Developer Incodra‘s Dub Dash is a rhythm game, which is a genre I tend to enjoy. The basic mechanics are extremely simple: you control a wheel on a track, and you have to tap or hold the correct side of the screen to spin said wheel to the rhythm of the music, avoiding hitting obstacles. Each level includes another mechanic as well, like the Flappy Bird-esque flying part in the second stage.
I should note at the start that this is not exactly the version of the game I originally intended to review. Downloading is as far as I got with Dub Dash for the PC, as decided not to work at all beyond that point. I couldn’t find any effective solutions online, though I learned that this is a fairly common problem. Even worse, my email to the publisher’s customer support department went completely unanswered. I was ready to give up until I learned that there was a free to play mobile version of the game. So, I figured I should at least give it a try.
I don’t have any issues with the overall game design, but I do take issue with a few things. For one, the game is exceedingly difficult. It took me around 20 tries to complete just the first level, which is largely a tutorial. Your timing has to be totally precise, and you don’t get much of a warning for where obstacles will be. I understand the appeal of a challenge, and I know that these games requiring super fast reflexes are becoming popular these days, so I can’t blame the developers too much. Still, I didn’t go in expecting Dark Souls, and a slightly more forgiving difficulty curve would be appreciated.
What makes it worse is that you start with only 5 chances to retry from a checkpoint. Not 5 per level mind you, but 5 total. Once you run out, you have a few ways to get more, but none are all that appealing. You can earn another one by completing daily challenges, but those are at least as hard as the normal levels. You can watch an advertisement for extra chances, but that option never seemed to work for me. Finally, you can earn another set of 5 by paying $3 to remove ads. I’d call it pay-to-win, but another 5 chances won’t make that big a difference.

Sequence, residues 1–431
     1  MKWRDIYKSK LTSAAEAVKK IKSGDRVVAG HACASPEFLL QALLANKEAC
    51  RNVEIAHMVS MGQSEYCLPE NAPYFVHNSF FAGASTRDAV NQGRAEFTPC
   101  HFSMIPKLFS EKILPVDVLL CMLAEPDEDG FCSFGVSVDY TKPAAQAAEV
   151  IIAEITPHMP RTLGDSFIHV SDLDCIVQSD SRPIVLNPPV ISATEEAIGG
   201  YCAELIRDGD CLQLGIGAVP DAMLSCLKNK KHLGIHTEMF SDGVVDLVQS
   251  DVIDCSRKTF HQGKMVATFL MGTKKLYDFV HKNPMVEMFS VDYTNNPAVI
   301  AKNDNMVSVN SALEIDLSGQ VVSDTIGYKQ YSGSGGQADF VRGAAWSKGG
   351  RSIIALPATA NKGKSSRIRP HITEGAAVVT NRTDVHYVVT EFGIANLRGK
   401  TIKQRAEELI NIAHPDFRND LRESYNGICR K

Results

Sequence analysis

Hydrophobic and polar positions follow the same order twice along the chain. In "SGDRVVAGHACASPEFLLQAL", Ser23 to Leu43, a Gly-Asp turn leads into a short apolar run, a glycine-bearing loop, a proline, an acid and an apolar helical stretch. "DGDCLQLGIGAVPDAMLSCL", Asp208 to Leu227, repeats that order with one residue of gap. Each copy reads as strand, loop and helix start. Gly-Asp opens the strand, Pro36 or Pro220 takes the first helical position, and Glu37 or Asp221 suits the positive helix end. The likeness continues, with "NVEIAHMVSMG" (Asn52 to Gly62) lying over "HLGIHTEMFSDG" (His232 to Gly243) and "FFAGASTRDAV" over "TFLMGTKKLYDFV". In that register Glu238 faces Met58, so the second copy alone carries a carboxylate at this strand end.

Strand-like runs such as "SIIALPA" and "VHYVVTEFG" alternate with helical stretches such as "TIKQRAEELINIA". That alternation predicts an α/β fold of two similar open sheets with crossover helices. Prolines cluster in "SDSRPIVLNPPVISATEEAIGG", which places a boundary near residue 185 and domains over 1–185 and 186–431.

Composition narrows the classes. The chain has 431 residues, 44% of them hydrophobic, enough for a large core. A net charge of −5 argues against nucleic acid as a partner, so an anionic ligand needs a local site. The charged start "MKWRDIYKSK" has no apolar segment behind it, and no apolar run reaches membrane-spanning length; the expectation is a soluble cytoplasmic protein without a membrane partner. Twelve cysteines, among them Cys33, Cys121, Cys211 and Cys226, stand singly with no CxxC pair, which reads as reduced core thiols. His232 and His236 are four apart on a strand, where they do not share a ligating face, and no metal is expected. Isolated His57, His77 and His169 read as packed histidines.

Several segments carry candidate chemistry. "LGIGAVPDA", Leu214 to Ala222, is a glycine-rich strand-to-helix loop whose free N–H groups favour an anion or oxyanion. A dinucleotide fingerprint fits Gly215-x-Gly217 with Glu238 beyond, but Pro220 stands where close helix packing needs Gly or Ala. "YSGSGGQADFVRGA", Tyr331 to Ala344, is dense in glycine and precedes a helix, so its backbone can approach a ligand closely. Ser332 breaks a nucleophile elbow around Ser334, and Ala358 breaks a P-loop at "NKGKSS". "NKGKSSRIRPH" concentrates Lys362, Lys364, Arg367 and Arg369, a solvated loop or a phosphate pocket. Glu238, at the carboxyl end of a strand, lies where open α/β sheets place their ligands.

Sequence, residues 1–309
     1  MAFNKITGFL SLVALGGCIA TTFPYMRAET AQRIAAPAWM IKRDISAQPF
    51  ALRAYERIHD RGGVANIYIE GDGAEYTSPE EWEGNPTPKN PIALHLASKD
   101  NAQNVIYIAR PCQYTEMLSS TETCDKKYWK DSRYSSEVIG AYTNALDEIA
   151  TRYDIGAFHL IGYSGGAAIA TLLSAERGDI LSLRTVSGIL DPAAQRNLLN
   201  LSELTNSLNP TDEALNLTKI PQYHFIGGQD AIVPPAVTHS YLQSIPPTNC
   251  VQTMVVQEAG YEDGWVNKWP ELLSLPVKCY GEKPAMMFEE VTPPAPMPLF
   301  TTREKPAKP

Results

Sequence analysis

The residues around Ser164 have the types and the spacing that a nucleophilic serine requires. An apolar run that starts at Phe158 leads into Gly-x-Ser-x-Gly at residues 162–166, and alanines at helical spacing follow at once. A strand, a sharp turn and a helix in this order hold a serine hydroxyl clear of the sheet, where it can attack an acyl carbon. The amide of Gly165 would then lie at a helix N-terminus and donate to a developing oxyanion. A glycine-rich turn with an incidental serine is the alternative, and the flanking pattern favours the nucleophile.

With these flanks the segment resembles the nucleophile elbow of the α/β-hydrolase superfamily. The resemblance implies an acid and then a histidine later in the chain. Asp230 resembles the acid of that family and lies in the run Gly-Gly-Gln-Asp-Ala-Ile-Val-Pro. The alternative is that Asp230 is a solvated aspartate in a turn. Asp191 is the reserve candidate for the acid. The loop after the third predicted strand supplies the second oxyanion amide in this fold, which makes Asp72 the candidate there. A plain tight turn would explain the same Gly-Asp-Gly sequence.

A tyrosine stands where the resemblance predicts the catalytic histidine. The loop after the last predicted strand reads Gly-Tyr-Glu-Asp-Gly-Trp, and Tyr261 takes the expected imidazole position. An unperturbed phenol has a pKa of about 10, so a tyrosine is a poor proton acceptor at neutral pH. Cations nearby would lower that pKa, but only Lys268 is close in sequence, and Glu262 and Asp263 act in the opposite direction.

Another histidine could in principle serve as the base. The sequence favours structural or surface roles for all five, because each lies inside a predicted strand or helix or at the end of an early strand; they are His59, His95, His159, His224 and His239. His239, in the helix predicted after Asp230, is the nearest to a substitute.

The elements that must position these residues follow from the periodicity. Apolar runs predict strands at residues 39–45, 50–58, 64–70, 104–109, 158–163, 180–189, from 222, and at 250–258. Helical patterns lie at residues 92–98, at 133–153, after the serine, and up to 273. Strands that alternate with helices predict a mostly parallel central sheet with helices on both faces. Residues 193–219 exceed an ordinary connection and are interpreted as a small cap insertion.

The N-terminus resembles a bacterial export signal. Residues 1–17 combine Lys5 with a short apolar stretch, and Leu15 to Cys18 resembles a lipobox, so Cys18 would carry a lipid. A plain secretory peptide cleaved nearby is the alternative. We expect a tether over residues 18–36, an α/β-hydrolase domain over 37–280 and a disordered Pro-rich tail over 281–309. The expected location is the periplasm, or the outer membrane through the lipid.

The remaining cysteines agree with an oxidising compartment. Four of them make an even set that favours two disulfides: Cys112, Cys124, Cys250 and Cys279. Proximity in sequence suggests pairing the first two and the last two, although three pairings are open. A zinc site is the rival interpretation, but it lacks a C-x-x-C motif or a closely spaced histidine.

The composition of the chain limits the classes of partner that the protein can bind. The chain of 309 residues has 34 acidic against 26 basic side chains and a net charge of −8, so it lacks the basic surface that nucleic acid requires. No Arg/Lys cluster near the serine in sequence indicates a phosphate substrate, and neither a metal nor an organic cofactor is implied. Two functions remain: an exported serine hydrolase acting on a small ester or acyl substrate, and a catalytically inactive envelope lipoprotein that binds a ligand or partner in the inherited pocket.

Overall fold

The other issue I have with Dub Dash is the technical issues. Granted, this version actually starts, but there are some clear problems. Besides the option to get extra chances by watching ads not working, the game suffers from framerate issues. It’s usually fine, but every once in a while the game will briefly slow to a crawl. Naturally, this is a serious problem in a fast rhythm game, and it can definitely cause failures.
Gaming on phones can always be a bit iffy, but I know my phone is more than powerful enough to run this game. In fact, it seems like it might be the game’s own video ads that cause the problem. The ads are bad enough on their own; I recognize that they’re the trade off for the game being free, but when you’re trying the stage over and over, having your flow interrupted by a video ad is really annoying. Finally, for some reason the wrong music always seems to play when you activate Practice Mode (which gives you infinite lives but doesn’t unlock the next stage).
These problems make the otherwise decent gameplay more frustrating, but I can at least say that the music and visuals are cool. I’m not entirely up on my music genres, but I think these songs would fit somewhere under the techno label. Each level has a song by a different artist, and they are very catchy. Even if you don’t generally like that kind of music, I think you’ll at least be able to appreciate it. The songs also go perfectly with the visuals, which present your wheel rolling along a sphere with trippy neon colors and visualization-towers around it. It was this look that originally drew me to the game, and it definitely delivers. And if you really don’t like the music, I’ve found that the game isn’t any harder on mute; the music isn’t even necessary.
To some, the extreme level of difficulty in Dub Dash might be appealing. I admit that I feel very accomplished when I succeed. But considering that it took me around 75 tried to finish the second level in Practice Mode, it would be nice if there was more of a curve. Furthermore, the gameplay is hindered by the ads and limited lives that come with the game being free-to-play are incredibly frustrating. If you can forgive the technical issues, it’s not really a bad game; it’s just badly presented. It is genuinely fun if you’re looking for an extreme challenge, but you have to endure a lot of pain to enjoy it. I’d recommend giving the free Android version a try before spending any money on it; you’ll know pretty quickly whether it’s a good fit for you. Either way, stay away from the PC version, because there’s no guarantee you’ll even be able to start it.
Gameplay - 5/10
Design - 9/10
Difficulty - 3/10
+ Cool graphics and design
+ Catchy music
+ Usually smooth gameplay
– No difficulty curve
– Technical issues
– Very limited lives